On a related ranty note, I continue to be amazed just how lousy surround stuff can sound on people's "Home Theatre" systems. I shouldn't be surprised to realize that lots of those things are judged by their owners to be great based on their ability to deliver butt-rattling low-end for big-budget pyrotechnics and shizzy high-frequency crap whizzing around intended to make the experience of seeing movies about beehives "more authentic," should I? But man oh man, some of that stuff in the middle range [where lots of interesting things like music take place] sounds just dismal.

Wednesday, January 17, 2007

Paging Mr. Proust, White Courtesy Phone....

Something amazing happened this morning.

As a result of the release of some recent work of mine as a part of the Palace of Lights FLOOD series, an old acquaintance from the days when I was involved in cassette culture got back in touch after a number of years. That kind of thing is always a rare kind of pleasure, if for no other reason than forcing you to compress some large period of your life into a single short newsy paragraph.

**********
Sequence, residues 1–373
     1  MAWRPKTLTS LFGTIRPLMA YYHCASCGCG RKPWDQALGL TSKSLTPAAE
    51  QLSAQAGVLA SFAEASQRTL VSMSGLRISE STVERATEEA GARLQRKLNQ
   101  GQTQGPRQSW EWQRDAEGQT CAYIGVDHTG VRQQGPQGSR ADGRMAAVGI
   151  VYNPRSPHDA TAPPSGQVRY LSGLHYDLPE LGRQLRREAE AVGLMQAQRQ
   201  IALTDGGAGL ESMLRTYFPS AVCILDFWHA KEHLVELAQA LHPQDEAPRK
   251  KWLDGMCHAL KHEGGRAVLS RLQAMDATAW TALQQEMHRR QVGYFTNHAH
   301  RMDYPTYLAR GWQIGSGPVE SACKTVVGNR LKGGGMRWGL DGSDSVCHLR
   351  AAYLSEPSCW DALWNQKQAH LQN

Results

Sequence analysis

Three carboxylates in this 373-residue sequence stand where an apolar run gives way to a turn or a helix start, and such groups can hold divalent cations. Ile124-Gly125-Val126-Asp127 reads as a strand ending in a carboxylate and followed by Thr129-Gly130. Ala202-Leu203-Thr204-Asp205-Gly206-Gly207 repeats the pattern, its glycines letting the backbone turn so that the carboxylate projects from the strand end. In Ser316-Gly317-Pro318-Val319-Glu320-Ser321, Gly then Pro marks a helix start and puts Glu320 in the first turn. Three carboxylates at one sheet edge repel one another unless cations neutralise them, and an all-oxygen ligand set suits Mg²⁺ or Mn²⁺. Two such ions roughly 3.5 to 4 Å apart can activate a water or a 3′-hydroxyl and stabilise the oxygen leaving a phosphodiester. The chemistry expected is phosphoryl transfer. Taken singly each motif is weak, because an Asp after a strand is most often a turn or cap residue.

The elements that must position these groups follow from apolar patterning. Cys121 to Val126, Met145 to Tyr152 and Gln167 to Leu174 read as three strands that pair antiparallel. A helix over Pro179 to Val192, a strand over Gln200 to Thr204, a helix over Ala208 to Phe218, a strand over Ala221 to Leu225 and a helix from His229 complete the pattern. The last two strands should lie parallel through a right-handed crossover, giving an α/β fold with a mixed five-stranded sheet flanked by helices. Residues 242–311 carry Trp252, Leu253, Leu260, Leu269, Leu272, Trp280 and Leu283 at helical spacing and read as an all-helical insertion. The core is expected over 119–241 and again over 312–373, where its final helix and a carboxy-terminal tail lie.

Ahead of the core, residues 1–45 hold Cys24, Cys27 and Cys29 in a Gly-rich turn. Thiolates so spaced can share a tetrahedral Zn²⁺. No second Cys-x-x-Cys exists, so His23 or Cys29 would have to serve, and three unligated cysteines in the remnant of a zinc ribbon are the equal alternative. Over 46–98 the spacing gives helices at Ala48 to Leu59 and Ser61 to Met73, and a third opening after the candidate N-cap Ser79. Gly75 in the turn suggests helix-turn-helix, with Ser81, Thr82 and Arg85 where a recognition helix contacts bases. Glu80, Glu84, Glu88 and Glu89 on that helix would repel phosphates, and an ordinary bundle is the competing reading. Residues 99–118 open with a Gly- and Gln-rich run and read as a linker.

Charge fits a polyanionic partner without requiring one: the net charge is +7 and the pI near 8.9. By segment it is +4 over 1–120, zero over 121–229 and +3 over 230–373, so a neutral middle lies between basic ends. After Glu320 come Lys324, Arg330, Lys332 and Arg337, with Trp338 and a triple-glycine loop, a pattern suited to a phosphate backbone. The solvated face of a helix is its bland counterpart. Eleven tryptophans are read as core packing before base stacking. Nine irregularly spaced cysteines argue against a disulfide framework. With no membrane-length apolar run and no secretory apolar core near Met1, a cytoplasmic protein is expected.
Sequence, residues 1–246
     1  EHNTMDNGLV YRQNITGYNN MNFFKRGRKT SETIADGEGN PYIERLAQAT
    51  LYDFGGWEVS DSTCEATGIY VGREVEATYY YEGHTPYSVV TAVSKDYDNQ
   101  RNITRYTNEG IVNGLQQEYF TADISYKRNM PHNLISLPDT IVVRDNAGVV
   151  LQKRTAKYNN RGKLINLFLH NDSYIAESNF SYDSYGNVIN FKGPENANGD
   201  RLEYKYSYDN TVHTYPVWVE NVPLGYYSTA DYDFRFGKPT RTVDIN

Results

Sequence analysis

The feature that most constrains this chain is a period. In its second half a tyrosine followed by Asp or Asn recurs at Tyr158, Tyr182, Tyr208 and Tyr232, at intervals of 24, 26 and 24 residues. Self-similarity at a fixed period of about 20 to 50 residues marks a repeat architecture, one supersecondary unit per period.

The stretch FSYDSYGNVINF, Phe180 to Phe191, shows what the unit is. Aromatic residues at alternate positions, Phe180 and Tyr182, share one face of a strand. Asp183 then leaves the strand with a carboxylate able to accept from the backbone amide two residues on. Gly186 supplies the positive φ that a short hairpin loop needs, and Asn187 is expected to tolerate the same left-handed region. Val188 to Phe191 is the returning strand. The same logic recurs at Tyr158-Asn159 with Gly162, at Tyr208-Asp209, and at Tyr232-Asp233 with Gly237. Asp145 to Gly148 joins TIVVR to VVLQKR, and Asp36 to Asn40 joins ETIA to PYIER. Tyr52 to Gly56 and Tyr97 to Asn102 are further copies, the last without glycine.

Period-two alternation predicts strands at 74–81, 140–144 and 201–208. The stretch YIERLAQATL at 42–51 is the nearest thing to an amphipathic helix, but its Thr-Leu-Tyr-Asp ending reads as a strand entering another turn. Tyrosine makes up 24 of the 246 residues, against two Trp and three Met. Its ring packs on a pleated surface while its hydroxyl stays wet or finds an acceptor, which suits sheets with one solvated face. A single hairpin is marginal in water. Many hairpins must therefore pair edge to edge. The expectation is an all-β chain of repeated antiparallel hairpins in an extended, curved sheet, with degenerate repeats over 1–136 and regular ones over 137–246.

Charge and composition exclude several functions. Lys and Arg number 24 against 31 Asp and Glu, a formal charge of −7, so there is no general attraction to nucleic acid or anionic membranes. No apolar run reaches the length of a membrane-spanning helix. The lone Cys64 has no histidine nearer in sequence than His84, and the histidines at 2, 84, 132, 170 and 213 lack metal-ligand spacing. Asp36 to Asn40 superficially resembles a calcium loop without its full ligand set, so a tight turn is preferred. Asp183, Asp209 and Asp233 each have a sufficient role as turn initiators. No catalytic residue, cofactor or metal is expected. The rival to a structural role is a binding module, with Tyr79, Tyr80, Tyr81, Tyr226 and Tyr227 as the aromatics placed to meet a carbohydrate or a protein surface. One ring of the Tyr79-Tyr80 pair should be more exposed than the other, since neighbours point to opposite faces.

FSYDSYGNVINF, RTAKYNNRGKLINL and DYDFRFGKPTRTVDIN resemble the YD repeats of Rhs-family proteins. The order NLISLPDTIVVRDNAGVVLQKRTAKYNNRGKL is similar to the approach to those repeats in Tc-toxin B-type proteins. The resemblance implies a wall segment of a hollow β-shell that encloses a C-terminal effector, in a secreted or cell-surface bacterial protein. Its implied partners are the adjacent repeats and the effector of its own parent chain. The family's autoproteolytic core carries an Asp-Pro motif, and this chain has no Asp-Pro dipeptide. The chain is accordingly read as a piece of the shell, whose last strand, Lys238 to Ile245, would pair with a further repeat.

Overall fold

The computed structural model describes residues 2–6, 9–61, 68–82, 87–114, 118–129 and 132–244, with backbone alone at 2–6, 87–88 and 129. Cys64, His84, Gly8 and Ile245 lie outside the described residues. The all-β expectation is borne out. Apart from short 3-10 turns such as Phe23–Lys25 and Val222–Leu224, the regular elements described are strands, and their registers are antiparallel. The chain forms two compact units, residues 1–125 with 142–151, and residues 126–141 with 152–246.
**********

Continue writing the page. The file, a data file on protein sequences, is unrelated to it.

He pointed out that he still had all of my old releases from the 1980s. It was certainly flattering to think that he valued them enough to hang onto them, but also got me thinking that - as nearly as I could tell - I might well not have some of them amidst various relocations and repacking for sabbaticals, etc. He was going to transfer the cassettes to CDR, and offered to run copies of them for me.

A package of five lovely CDRs arrived in the morning post covering a little over a decade of released work of mine during the decade of the 1980s, sporting jaunty color covers derived from the original cassette liners. I was stunned.

This was work I've not heard in at least a decade, and probably a lot longer. Imagine that someone reported finding a whole box of your treasured posessions in the attic of a house you lived in while growing up and sent the box to you and you'll begin to get the flavor of the rare gift my acquaintance blessed me with.